Kanye West

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So he’s basically a huge asshole, right?
What in the world gave you that idea? Was it the Taylor Swift thing? Was it that time at the MTV Europe Awards where he shared his feelings about losing to Justice? Or the whole “George W. Bush Doesn’t Care About Black People Thing?” (Though to be fair, lots of people had his back on that one.) The Matt Lauer thing? Did you think the cover of Rolling Stone where he posed as Jesus was a bit much? Or did he say something online that just struck you as a bit off? Well, don’t make too much of it. Kanye is a sweetheart. He only does these things because he cares too much.

Uh huh.
It’s true. What makes Kanye special (well, one of the things) is that he has exactingly high standards of aesthetics. He pushes himself to make the grandest art possible. That tweet about the Beatles, though arrogant, isn’t that far off. His child-like glee in making something new to amaze the world is the best part about Kanye. The problem is that Kanye views the world the way a child does, and he thinks hard work should be rewarded in kind. After all, it’s only fair. So when something seems unfair (say, the wrong video wins an award), he throws a hissy fit. But it’s a deeply principled hissy fit. (Especially if the hissy isn’t even about him. Fairness is important for it’s own sake.) As New York magazine’s Lane Brown said, “Sure, Kanye's inability (or refusal) to recognize the meaninglessness of MTV's awards shows makes him seem humorless—but it's also admirable, in a way. Why shouldn't we demand that awards go to the most deserving artists?” So yes, he may be an attention-seeking child that needs to constantly be told he’s special, but it’s all in the service of a greater good. Plus, he might be the greatest solo artist working today.

Really? That good?
You don’t win the prestigious Village Voice Pazz & Jop critics' poll a record three times in six years or earn perfect scores for your latest album because you're pretty good. The genius of Kanye is that he sees the entire world as up for grabs. He never believes that something is too cheesy, weird, over-the-top, revealing, painful or, most importantly, too far away from what hip-hop is supposed to be, and because of his prodigious skill as a producer and performer, he makes ideas soar that seemingly shouldn’t work.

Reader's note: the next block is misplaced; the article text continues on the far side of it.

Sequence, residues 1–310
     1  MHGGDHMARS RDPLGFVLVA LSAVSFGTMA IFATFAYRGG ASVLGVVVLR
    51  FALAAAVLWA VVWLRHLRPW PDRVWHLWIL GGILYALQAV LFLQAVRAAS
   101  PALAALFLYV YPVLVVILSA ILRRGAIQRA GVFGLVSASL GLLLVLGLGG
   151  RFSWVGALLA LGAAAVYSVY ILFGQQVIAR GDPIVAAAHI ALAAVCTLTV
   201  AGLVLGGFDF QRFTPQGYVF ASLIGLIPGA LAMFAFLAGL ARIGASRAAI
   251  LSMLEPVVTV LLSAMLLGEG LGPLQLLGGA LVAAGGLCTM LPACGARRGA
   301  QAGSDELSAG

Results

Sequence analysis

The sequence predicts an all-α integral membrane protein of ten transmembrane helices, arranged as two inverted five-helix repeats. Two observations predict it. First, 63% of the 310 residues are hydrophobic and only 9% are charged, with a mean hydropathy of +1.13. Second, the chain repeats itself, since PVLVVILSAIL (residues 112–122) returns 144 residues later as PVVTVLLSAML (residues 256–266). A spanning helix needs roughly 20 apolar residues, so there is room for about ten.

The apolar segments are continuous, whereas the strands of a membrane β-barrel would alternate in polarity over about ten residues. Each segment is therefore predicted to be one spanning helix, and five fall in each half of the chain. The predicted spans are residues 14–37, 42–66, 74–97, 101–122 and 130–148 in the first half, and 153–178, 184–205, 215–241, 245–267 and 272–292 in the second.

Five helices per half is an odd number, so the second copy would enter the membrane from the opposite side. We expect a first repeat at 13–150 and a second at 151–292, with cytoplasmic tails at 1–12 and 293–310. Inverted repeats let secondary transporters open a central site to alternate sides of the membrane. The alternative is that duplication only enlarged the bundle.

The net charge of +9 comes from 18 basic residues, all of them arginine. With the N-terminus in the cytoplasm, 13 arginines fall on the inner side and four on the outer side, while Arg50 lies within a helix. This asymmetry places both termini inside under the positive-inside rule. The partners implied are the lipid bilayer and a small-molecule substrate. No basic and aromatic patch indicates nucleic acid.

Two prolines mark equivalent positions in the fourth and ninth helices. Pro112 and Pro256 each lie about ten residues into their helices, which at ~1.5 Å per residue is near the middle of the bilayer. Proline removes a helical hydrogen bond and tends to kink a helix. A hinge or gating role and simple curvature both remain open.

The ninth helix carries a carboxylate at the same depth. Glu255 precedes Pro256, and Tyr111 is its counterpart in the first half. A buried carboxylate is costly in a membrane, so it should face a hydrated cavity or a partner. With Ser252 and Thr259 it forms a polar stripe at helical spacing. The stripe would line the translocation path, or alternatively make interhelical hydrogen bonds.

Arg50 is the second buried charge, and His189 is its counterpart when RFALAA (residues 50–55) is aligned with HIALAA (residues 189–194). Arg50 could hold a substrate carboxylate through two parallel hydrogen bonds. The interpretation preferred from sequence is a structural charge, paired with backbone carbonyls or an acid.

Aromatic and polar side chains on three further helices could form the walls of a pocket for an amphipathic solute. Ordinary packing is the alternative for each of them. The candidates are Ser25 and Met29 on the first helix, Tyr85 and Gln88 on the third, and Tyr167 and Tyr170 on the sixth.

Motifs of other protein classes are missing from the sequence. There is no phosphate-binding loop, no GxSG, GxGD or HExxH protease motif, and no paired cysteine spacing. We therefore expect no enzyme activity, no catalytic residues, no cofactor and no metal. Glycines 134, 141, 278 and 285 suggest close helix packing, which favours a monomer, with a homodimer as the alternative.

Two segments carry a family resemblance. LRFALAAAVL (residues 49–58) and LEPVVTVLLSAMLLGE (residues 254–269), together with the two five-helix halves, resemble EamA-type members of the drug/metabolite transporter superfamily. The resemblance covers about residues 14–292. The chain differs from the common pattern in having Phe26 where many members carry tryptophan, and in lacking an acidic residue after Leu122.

So, he’s great because he’s too arrogant to think there’s something he can’t do?
Pretty much. He was rapping about boring day jobs and his insecurities before it was cool for mainstream rappers to talk about those things, and didn’t view that as a good reason to not put a raunchy club song on the same album. He’ll collaborate with pop stars like Fergie and indie rockers like Bon Iver’s Justin Vernon alike because he thinks both have something to offer and wouldn’t care what anyone else thinks. He’s made electronic dance records, arty experimental records and ornately orchestral records because he’s arrogant enough to believe he can do it all. And he’s right.

How did this guy get so good?
Kanye was born in Atlanta and grew up in Chicago with his mother, a college English professor. A fan of groups like A Tribe Called Quest, Kanye started making beats in high school and pestered Chicago producers for tips. Producer and rapper Deric “D-Dot” Angelettie (who was one of P. Diddy’s main producers) took Kanye under his wing, and by 1998 Kanye was producing tracks for the likes of Foxy Brown and Goodie Mob. His big break came when he produced "This Can't Be Life" for the Jay-Z album The Dynasty: Roc La Familia. This led to Kanye producing several tracks for Jay-Z’s acclaimed album The Blueprint, including the hit single “Izzo (H.O.V.A.)” But what Kanye really wanted to do was rap. Multiple labels, including Jay-Z’s Def Jam, passed on Kanye’s early demos, claiming he wasn’t street enough. But Kanye was persistent, and eventually wore Jay-Z down and scored a cameo appearance on The Blueprint 2: The Gift & The Curse. This led to his debut album, 2004’s The College Dropout, which is still the best place for new fans to start. At first West’s production style relied heavily on chopped-up, sped-up samples of old soul records. But as he grew more successful, he was emboldened to stretch out his sound by incorporating string sections, live instruments, dance beats, unexpected samples and pretty much anything else that caught his fancy.

What else is he up to?
He’s had plenty of extracurricular activities, and plenty of side-projects that he’s announced and never gotten around to, such as an HBO comedy series he was supposed to do. (He once called himself “The Black Larry David,” for whatever that’s worth.) He’s produced most of Common’s album Go and made records for The Game, Lupe Fiasco and T.I., amongst others. He’s lent his voice to The Cleveland Show and appeared in Entourage. A first-rank fashionista, he’s had his own clothing line, wrote a fashion column for Complex and designed shoes for Nike and Louis Vuitton. He also has the Kanye West Foundation, which helps disadvantaged children stay in school. Perhaps most importantly, he brought the renowned California fast-food chain Good Burger to the Chicago area.

Hey, don’t forget his Twitter account!
Of course not! The genius of Kanye’s music can barely be captured by words. The genius of his Twitter account is beyond words. (And we’ll have to take him at his word about the fur pillows.)

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